Drills, Training

Mayday Monday: The Role of the RIT

Project Mayday data

By Tony Carroll

One of the reasons firefighters call a Mayday is because of an out-of-air emergency. Fifteen percent of the Maydays cataloged by the Project Mayday research study were because of air problems. Fortunately, the fire service has developed technology to help. The rapid intervention team (RIT) air pack is designed to address this life-threatening situation. Are you ready to respond to a firefighter in distress?

Put yourself in this scenario: You are assigned as the RIT air pack firefighter on a RIT standing by at a building fire. A collapse has occurred, trapping a member inside. A Mayday call has been sounded and your team has been given the go ahead to rescue the trapped member. Already using up some of his air cylinder, the stress of the situation is causing the trapped member to increase his breathing rate, sucking down his air supply. It takes a few minutes to reach the member in trouble. His low-air alarm is sounding. Are you ready? This very situation occurred in May of 2013 in Houston, Texas. Read the report on this daring rescue here (Pay extra attention to “Section 9. The Rescue”).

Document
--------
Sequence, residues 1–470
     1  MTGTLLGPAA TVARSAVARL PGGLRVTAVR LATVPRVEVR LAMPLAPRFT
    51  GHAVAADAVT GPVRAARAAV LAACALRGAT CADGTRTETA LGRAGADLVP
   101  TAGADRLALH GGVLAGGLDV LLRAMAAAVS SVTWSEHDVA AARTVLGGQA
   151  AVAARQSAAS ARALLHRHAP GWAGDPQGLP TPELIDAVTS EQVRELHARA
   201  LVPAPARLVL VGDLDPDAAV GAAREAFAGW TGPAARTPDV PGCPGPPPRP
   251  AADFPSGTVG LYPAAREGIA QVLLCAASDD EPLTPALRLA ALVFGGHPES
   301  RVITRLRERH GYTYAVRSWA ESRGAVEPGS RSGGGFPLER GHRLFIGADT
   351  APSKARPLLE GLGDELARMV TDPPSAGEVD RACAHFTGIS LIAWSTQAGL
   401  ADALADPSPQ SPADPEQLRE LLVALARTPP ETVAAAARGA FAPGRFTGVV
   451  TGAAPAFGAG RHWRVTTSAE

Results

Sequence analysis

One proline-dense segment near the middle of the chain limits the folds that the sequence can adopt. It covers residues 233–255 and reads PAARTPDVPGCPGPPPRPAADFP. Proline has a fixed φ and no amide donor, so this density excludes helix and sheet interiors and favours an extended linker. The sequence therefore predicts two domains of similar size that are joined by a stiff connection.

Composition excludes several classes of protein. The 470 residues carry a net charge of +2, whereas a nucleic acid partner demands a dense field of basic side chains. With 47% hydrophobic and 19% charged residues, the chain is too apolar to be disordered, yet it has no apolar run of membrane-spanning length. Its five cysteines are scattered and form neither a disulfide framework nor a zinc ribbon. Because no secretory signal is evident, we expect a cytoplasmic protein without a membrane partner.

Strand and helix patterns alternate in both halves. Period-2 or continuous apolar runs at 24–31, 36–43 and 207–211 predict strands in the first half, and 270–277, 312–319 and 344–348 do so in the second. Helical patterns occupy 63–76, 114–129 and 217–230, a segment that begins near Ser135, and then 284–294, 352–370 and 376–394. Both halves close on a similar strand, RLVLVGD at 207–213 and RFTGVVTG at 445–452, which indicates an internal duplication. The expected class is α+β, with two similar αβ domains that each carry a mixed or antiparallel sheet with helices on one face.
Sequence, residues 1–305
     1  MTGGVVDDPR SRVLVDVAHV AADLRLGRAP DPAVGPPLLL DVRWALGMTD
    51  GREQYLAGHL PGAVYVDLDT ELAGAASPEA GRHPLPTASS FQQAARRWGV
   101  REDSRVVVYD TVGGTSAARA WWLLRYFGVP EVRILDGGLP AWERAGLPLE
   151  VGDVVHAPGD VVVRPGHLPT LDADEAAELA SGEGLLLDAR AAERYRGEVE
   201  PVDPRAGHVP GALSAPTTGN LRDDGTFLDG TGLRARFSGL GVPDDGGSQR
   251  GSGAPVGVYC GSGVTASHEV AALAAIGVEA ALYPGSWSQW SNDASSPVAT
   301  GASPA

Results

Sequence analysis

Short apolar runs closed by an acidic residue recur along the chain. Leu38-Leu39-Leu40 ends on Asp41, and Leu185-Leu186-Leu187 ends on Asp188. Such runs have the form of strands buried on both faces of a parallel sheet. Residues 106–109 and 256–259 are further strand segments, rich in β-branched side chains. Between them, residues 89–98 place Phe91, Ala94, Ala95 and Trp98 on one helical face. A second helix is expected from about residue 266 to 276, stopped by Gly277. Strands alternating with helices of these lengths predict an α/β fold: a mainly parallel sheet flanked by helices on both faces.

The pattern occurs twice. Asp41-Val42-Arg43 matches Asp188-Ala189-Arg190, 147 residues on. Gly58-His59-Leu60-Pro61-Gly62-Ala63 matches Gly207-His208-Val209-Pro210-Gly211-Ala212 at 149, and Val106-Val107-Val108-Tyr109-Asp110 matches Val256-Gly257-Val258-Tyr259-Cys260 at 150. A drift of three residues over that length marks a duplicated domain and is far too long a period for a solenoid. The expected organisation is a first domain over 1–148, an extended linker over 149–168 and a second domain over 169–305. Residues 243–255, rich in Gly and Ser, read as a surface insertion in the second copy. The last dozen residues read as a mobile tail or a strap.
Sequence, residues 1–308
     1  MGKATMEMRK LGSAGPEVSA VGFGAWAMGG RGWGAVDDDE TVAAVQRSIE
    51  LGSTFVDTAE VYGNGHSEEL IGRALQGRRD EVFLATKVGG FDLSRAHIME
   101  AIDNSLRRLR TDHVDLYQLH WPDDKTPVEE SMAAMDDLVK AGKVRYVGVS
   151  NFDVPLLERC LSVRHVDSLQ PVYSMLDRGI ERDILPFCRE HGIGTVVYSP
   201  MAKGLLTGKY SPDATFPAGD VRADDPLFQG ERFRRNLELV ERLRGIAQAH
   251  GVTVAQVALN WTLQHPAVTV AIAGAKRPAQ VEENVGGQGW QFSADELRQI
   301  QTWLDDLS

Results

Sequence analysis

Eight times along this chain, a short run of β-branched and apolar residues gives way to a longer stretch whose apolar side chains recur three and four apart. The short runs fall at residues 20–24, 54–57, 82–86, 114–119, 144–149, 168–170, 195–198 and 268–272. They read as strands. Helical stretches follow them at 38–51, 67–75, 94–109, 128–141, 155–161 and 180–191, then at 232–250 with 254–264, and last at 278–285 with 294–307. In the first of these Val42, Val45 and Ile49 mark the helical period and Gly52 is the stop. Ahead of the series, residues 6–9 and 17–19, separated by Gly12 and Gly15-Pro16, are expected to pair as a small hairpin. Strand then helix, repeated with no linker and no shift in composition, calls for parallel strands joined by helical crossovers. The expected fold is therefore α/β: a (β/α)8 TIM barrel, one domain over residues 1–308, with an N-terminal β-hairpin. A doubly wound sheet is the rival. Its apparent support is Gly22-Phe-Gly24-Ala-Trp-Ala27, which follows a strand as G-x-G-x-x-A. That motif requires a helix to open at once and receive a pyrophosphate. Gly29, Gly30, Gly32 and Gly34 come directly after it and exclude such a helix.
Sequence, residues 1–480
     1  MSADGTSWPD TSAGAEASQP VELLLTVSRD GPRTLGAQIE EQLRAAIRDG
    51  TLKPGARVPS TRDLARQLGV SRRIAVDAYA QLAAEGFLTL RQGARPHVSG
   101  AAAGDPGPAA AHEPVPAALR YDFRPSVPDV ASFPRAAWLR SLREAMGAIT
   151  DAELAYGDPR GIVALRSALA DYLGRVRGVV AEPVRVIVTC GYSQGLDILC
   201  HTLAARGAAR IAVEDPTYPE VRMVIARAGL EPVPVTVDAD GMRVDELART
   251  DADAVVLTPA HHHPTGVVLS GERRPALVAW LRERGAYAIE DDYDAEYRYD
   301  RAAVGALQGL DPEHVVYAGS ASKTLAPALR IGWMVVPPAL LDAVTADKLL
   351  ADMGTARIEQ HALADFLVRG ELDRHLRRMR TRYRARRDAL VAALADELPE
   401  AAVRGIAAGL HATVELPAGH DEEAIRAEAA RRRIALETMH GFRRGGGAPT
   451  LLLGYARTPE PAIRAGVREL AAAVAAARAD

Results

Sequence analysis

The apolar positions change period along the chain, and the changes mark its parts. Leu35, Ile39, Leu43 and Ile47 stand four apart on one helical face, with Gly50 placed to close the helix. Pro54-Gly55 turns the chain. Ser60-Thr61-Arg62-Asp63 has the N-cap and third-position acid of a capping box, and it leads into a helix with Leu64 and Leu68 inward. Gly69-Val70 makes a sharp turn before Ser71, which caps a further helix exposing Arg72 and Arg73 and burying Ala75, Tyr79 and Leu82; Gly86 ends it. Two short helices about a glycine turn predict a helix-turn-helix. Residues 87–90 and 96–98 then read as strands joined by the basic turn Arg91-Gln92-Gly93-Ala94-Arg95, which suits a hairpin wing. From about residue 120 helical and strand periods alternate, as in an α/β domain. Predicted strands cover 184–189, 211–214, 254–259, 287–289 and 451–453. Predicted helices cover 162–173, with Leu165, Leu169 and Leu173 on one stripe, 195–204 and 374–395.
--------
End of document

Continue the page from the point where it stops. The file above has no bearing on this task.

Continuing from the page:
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RIT Positions and Assignments

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Now, put yourself in this scenario: Pick a firefighter to don his full gear and self-contained breathing apparatus (SCBA). If possible, empty the air supply until the low-air alarm is sounding. Have him go “hide” in the firehouse. You and another member don your full gear, SCBA with blacked out face piece and grab the RIT air pack. You are acting as the RIT. When the hiding members PASS alarm sounds, proceed to find him. Once you locate the “member in trouble,” hook up the RIT air pack and fix the air emergency. Ready? Go!!

This is a high-risk, low-frequency event that continues to occur on firegrounds throughout the country. It could happen on your next fire. Please practice this vital skill and get prepared. Don’t forget to send pictures/video of you and your crew performing this drill/skill to [email protected].  

Tony Carroll is a battalion chief with the District of Columbia Fire & EMS Department.

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